ASIC is also involved as PAYPAL owns an AFSL - This relates mostly to the delay of releasing funds etc however they are also concerned with consumer protection.

Complaints can be made at

gralbow (2399 ) View Listings | Report 14-04-08 10:56 EST 5 of 15
Chris Bowen - Member for Prospect
Assistant Treasurer
Federal Minister for Competition Policy and Consumer Affairs

Parliament House Office
Suite M1 24
Parliament House
Tel: 02 6277 7360
Fax: 02 6273 4125
Prospect Electoral Office:
115 The Crescent
Fairfield NSW 2165
Tel: (02) 9726 4100
Fax: (02) 9724 6115

Postal Address:
PO Box 802
Fairfield NSW 1860

ebaY needs to be pushed to the wall on this action. If they are legally a venue only, they should not be able to dictate to sellers what payment the seller can accept, as long as the payment method or provider is legal, and legitimate. This should be an issue that gets the attention of EVERY ebaY seller and buyer, no matter where the ebaY user is located or what ebaY site the seller or buyer utilizes. What happens on the ebaY AU and UK sites is bound to propagate to the other ebaY sites if ebaY can get away with it. What ebaY users should do NOW is contact consumer protection agencies, anti trust, and competitive governance agencies in their own countries, and pre-emptively ask the question about the legality of a similar move by ebaY in their own countries. In the US, ebaY users should contact their legislative representatives, the Dept of Justice and the Federal Trade Commission, and ask about what protections were put in place when ebaY was allowed to purchase PayPal, or request that some protections be enacted to prevent ebaY from implementing more restrictive trade practices, remove the ones already implemented, and continue to allow users choices in ebaY's virtual monopoly.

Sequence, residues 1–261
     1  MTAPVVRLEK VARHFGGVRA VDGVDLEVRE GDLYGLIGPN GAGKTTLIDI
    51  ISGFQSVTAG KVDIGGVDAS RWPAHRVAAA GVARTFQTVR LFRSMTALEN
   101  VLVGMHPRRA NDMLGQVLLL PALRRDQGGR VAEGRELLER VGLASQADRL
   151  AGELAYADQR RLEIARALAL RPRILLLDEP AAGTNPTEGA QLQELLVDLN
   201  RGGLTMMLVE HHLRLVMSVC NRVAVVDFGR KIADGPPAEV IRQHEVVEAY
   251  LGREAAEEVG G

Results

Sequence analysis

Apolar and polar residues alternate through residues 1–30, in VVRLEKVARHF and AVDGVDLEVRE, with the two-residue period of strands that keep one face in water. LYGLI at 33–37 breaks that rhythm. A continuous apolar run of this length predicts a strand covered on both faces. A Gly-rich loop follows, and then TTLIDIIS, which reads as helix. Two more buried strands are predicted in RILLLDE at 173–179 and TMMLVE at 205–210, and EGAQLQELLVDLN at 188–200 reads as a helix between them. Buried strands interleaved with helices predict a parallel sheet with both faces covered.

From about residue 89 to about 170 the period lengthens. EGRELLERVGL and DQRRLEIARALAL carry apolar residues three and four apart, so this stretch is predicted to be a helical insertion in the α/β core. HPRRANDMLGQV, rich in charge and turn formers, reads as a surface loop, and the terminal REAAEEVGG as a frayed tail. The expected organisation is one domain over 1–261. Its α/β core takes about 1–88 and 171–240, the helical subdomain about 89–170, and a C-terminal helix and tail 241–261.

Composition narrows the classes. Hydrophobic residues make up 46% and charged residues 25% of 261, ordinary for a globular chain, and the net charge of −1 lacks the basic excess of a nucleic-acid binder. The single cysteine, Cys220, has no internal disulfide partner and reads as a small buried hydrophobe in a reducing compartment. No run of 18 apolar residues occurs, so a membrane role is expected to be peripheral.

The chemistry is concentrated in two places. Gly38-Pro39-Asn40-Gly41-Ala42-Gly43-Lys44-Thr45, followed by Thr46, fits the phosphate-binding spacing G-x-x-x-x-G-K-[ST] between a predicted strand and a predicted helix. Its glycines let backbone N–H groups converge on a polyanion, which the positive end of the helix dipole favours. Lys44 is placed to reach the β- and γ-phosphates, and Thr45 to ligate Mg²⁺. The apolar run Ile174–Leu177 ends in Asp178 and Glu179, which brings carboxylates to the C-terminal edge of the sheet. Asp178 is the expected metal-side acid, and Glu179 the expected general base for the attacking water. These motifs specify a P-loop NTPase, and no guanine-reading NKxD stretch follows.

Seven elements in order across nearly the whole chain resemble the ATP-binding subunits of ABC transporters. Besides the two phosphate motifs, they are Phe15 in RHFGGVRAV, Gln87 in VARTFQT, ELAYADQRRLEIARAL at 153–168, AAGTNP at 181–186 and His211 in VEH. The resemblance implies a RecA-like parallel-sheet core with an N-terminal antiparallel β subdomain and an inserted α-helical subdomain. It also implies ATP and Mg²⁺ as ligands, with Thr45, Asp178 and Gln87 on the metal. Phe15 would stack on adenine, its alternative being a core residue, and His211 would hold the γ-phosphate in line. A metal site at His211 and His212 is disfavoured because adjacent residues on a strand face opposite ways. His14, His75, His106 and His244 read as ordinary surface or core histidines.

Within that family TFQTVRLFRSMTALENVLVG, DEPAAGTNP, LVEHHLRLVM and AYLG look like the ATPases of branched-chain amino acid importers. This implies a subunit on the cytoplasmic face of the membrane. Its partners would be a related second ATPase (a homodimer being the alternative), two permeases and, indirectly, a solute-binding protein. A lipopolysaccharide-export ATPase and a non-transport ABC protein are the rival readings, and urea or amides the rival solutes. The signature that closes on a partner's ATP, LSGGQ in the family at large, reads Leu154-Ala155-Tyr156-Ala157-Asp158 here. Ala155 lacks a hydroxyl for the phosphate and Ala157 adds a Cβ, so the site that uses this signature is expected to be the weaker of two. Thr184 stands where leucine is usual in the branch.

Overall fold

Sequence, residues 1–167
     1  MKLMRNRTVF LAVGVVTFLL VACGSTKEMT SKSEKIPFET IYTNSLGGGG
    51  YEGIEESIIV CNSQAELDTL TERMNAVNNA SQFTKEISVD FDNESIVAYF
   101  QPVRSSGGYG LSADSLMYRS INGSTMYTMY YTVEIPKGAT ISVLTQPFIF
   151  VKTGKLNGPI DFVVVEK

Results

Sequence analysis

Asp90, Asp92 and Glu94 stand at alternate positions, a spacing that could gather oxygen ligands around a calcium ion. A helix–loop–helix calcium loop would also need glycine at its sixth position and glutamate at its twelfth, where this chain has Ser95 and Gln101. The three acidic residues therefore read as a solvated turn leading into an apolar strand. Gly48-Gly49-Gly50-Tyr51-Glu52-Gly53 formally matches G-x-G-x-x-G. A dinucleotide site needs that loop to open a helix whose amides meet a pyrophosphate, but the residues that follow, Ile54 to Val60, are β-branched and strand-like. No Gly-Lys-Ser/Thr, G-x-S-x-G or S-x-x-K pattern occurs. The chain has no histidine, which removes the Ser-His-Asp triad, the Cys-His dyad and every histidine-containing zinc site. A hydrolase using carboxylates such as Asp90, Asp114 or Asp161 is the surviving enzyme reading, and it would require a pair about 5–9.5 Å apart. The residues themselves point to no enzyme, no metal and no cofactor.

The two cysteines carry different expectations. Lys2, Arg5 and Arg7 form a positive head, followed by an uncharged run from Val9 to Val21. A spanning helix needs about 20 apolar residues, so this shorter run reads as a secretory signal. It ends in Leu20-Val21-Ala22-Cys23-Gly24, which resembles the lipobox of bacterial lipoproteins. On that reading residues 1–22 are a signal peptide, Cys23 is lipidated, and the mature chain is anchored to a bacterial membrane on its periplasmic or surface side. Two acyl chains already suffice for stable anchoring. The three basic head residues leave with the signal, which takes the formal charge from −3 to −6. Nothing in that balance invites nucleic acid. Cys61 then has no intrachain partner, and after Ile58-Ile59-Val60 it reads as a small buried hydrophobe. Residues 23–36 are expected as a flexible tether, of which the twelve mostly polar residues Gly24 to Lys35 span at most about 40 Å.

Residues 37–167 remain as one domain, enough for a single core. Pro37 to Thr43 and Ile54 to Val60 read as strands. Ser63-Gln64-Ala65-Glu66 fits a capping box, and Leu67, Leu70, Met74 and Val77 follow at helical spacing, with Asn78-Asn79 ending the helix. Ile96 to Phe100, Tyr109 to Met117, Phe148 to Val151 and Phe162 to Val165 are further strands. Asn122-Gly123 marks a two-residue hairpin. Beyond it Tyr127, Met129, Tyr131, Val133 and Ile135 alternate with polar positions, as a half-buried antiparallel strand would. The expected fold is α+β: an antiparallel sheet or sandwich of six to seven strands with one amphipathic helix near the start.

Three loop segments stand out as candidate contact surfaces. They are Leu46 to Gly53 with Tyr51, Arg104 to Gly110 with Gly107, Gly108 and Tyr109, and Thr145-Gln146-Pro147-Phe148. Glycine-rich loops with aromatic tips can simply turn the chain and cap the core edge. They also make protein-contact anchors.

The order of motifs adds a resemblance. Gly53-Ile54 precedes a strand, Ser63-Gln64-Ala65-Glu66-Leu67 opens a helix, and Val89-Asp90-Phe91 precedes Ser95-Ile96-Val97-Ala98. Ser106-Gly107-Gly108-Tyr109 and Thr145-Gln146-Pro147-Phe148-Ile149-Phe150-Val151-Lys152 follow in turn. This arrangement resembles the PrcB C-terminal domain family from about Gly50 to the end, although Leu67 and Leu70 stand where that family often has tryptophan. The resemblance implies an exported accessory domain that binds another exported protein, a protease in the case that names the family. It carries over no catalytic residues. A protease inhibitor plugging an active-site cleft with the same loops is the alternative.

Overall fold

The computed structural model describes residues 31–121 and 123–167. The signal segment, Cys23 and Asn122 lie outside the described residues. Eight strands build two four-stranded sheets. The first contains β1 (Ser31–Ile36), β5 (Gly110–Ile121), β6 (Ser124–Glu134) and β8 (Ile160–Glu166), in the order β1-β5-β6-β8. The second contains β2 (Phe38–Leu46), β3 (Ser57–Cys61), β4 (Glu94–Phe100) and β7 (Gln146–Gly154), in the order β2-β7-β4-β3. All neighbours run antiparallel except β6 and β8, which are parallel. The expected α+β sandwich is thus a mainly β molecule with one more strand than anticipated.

Other links of interest on this issue:

Aussies Flock to ebaY Rivals

Petition Against ebaY AU

US Dept Of Justice

Write to -

Federal Trade Commission Bureau of Competition

US House of Representatives - contact your Congressional Rep

US Senate - contact your Senator

Visit the TAG website

Saturday, October 27, 2007

A Solution to Get Fraudulent Listings Removed From ebaY FAST

ebaY has always lied about screening their listings to prevent fraud, prior to indexing them to the site. It was a good sounding PR story to cover their asses for their lousy indexing times but obviously false, since anyone outside ebaY can do a simple search of whatever is the scammer key word of the day, and finds hundreds and even thousands of fraud listings.

It is also obvious that ebaY will not now or ever hire the personnel they need to actually monitor their site, unless forced to by the courts or legislation.

Well we have come up with the solution for ebaY. (ebaY - when you read this please note the copyright - We would be glad if you implemented this idea, if you PAY us for it!)

In a nutshell - ebaY should pay their users a bounty for finding fraudulent listings.

To implement it -
1. Set up a live chat category where you have to log in, for reporting fraudulent listings (this is fraud only - not legit listings that might contain a violation of ebaY rules)